Progress in the last 25 years and future perspectives in the low to high-velocity friction studies of faults; a time to shift from dry to wet experiments
Abstract:High-velocity friction experiments in the last 25 years have contributed greatly to the understanding of the physical processes and mechanical properties of fault zones during seismic fault motion. But most experiments have been done at low normal stresses, under dry conditions, and at room temperature. A rationale for conducting experiments under controlled pore-pressure conditions is that specific fracture energy at a 100 MPa normal stress, extrapolated from the experimental results at low normal-stresses, is smaller than the fracture energy estimated for natural earthquakes by about one order of magnitude. Thus dry data are not consistent with earthquakes with respect to the specific fracture energy, and wet experiments may lead to a completely different framework of fault mechanics.
We review nineteen existing friction apparatuses having high-velocity capabilities. Velocity regimes are conventionally classified into low velocity below 10-7 m/s, intermediate velocity between 10-7~10-4 m/s, and high velocity above 10-4 m/s. Then there are six high-velocity friction apparatuses, five intermediate to high-velocity apparatuses, and eight low to high-velocity apparatuses currently in use. Seven apparatuses can cover plate velocities on the order of 10-9 m/s to high velocities to allow studies of earthquake nucleation to dynamic rupture processes. Six apparatuses are equipped with pressure vessels and experiments with pore pressures are becoming possible. Use of Ti-Al alloy with a thermal conductivity almost as low as that of rock will open a way to expand the high-normal stress capability dramatically.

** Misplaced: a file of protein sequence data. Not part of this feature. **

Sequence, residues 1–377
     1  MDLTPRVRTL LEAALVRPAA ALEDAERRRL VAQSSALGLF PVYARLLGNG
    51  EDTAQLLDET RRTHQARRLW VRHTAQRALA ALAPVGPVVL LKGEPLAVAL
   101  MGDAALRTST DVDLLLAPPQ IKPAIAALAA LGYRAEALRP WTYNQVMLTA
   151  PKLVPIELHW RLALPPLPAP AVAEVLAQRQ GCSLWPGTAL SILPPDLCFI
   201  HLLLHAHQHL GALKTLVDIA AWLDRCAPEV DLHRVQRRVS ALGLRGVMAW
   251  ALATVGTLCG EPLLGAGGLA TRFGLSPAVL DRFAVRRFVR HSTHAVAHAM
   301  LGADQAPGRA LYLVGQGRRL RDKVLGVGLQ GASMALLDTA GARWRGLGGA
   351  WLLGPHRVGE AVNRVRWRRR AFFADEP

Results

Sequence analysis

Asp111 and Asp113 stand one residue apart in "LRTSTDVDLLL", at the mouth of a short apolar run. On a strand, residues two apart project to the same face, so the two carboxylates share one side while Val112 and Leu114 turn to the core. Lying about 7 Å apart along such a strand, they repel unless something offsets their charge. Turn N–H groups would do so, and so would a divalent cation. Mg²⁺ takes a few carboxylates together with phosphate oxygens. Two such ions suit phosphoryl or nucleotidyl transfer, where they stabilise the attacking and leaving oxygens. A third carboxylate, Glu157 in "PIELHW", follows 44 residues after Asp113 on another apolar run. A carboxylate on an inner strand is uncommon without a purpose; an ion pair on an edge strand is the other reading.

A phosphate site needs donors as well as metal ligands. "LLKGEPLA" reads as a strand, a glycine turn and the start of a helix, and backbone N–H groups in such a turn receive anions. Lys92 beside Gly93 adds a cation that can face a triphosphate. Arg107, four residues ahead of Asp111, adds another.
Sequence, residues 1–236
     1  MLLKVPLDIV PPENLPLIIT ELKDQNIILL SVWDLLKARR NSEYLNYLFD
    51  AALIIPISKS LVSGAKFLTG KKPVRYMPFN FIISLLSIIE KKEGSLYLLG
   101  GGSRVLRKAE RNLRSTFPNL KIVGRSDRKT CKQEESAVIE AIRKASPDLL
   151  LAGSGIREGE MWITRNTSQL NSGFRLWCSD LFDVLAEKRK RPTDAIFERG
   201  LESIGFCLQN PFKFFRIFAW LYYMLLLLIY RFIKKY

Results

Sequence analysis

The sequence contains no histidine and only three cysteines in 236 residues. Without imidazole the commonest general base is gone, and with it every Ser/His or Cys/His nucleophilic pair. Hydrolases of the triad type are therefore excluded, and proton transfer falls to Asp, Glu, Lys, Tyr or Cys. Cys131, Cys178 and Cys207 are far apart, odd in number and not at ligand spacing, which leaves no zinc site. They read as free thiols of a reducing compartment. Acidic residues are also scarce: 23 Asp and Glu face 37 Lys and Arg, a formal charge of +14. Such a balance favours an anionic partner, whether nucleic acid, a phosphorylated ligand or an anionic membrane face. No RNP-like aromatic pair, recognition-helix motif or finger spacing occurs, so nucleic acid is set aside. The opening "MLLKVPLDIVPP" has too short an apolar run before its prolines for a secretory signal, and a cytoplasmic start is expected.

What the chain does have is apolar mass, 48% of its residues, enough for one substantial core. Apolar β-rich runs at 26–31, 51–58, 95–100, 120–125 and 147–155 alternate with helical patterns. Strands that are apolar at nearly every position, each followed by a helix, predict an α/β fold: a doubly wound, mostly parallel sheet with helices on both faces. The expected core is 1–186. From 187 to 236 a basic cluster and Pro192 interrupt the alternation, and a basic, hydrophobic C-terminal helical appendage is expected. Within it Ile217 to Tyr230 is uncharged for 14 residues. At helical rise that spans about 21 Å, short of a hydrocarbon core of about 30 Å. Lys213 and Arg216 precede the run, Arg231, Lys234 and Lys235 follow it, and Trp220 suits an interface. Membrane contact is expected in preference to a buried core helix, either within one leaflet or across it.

We also report a rotary-shear low to high-velocity friction apparatus at IGCEA, capable of producing plate to seismic velocities (44 mm/yr to 2.1 m/s), and velocity jumps by 103 or 106 by using five electromagnetic clutches without stopping the motor. A unique feature of the apparatus is a large specimen chamber where different specimen assemblies can be installed easily. We built two pressure vessels for pore pressures to 70 MPa; one at room temperature and the other at temperatures to 500ºC. We will report preliminary experiments under hydrothermal conditions in an attempt to determine frictional properties relevant to slow slip and high-frequency tremors in subduction zones.